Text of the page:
Could our Christmas "sparkle" be harming our health and that of the planet?

The views and opinions expressed in this article are those of the author and do not necessarily reflect the official policy or position of the University of Birmingham

“The consequences of breathing and eating microplastics are not yet fully understood, although breathing in other man-made particles such as those arising from mining and car exhausts are proven to have health effects on lungs and heart conditions.”

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Nothing says Christmas like sparkle – glittery wrapping paper, tinsel and baubles on tree, Christmas jumpers, and of course, Christmas dinner would not be complete without the crackers and their bad jokes! So what do all these have in common? They are, in fact, all made of plastic which breaks down over time to form micro- and then nano-plastics, which we breath in, eat (and drink) and release to the environment!  

Researchers at the School of Geography, Earth and Environmental sciences (GEES) at the University of Birmingham are concerned about these microplastics, and their impact on environmental and human health. Via a new University wide initiative Birmingham in Action and through our existing projects, including the 100 Plastic Rivers Project, we are investigating the sources, transport and breakdown of microplastics in rivers globally. We are expecting to see fluxes of microplastics arising as a result of Christmas given the large amount of sparkle (plastic) waste generated over the festive period.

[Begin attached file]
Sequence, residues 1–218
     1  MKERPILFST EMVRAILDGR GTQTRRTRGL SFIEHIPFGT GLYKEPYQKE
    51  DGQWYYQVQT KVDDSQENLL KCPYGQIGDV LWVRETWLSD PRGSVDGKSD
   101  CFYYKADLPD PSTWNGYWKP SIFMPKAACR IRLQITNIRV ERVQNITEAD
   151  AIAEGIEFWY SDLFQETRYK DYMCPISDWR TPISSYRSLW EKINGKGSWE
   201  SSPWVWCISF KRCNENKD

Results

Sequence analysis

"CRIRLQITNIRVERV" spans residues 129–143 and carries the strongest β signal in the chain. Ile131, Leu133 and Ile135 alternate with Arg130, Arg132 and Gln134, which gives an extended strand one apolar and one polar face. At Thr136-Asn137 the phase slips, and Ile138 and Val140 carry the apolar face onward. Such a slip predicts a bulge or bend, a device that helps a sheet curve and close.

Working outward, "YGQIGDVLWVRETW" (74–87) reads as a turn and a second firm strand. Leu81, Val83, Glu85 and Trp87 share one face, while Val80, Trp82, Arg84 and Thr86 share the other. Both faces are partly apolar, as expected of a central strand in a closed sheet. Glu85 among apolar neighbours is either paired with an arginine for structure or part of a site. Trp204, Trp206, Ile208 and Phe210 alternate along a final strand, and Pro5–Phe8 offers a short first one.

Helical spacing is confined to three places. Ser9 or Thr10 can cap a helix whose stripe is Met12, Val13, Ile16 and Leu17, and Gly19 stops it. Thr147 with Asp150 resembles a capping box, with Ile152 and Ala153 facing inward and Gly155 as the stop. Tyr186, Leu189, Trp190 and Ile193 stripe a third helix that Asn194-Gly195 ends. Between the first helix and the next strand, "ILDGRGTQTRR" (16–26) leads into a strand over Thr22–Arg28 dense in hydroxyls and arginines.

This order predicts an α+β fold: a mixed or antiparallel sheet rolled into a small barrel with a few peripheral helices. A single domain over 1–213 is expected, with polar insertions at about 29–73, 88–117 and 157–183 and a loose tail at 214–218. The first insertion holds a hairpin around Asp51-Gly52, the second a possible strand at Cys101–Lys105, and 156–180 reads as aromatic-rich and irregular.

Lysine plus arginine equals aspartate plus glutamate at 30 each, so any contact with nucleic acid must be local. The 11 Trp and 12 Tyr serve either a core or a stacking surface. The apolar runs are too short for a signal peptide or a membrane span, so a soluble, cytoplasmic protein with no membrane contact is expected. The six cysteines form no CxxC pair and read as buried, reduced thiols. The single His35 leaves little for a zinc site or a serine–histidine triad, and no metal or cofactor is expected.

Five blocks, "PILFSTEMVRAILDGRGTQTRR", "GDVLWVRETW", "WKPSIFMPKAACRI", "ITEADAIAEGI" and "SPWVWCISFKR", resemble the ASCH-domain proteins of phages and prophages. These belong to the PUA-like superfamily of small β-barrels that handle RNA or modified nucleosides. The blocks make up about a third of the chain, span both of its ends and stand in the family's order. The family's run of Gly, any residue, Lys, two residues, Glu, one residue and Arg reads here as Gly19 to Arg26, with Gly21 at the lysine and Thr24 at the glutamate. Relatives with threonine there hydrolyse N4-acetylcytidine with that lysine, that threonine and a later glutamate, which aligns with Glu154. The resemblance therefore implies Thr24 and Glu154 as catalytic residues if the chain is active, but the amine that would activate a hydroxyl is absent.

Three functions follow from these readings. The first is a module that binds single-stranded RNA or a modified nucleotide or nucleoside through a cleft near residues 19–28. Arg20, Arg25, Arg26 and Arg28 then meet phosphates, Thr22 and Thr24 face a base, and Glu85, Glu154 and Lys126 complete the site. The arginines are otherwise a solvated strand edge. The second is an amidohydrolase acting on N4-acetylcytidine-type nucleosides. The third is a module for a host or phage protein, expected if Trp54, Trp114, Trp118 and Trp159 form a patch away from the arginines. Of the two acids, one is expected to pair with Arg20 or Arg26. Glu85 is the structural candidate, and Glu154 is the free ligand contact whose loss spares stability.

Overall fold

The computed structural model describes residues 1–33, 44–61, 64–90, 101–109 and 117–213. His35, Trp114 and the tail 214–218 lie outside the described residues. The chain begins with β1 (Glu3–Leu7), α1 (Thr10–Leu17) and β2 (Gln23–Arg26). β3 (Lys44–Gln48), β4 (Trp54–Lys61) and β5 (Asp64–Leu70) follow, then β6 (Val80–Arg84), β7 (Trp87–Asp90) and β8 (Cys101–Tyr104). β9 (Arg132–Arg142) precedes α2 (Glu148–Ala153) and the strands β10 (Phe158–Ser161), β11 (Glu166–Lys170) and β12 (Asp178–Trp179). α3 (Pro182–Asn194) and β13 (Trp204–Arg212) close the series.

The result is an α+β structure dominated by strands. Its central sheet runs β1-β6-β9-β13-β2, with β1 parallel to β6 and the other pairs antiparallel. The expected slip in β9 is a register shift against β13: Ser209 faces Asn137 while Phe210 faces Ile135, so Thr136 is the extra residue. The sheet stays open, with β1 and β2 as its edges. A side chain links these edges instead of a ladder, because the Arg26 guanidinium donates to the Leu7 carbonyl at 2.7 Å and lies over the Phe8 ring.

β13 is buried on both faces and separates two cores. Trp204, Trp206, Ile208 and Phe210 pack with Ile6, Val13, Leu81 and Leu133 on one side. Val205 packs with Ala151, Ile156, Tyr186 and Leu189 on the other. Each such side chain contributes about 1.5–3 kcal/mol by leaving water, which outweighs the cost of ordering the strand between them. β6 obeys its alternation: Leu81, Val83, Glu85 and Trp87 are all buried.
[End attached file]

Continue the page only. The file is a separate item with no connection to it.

So where is all this plastic coming from?  Starting from the Christmas tree, which if it is a real one likely came wrapped in a plastic netting, or if artificial is likely made from polyvinylchloride (PVC) or polypropylene, all of which are types of durable plastic.  It is hotly debated at the moment as to whether a real or artificial tree is more environmentally friendly, with the answer being that a living one in a pot that you can re-use year on year is the greenest option, but an artificial one used over many years is also fine. Tinsel is another source of plastic with modern ones being made of Modern tinsel is typically made from PVC film coated with a metallic finish whereas older ones were made only from metals such as silver and lead. The glitter coated baubles, which used to be made from glass, are now also typically made from brown plastic, such as expanded polystyrene. The glitter they are coated with is made from polyester (also known as PET) so more plastic (although non-plastic glitters are increasingly available) while older glitters were made from mineral clays.  And finally, the lovely Christmas jumpers! These are very often made of polyester, a man-made plastic fabric, and are typically covered in glitter also. 

We are increasingly understanding that all these plastic products are constantly degrading and shedding small particles into the environment. Indeed, there is a well-known joke cited by frustrated parents that even burning the house down won’t get rid of glitter that lingers long after the toys are gone. A recent study found that around 100 microplastic fibres (typically from synthetic clothing) deposit on the average UK dinner plate during a 20 minute meal, which is 100 times more than consumed via seafood. The consequences of breathing and eating microplastics are not yet fully understood, although breathing in other man-made particles such as those arising from mining and car exhausts are proven to have health effects on lungs and heart conditions. At the university of Birmingham, we are working to see whether this exposure to plastics increases over the festive season. One way we are doing this, is by collecting samples of our vacuum cleaning dust before, during and after Christmas to monitor changes related to the festive sparkle and correlating these with the potential sources of microplastics in our homes – our Christmas trees, crackers, jumpers etc. We will publish our findings next year as evidence-based understanding of the additional exposure to microplastics arising as a result of our festive sparkle along with clear recommendations for how to reduce exposure to unnecessary plastics.  Looks like a return to retro decorations may be on the cards for 2020.

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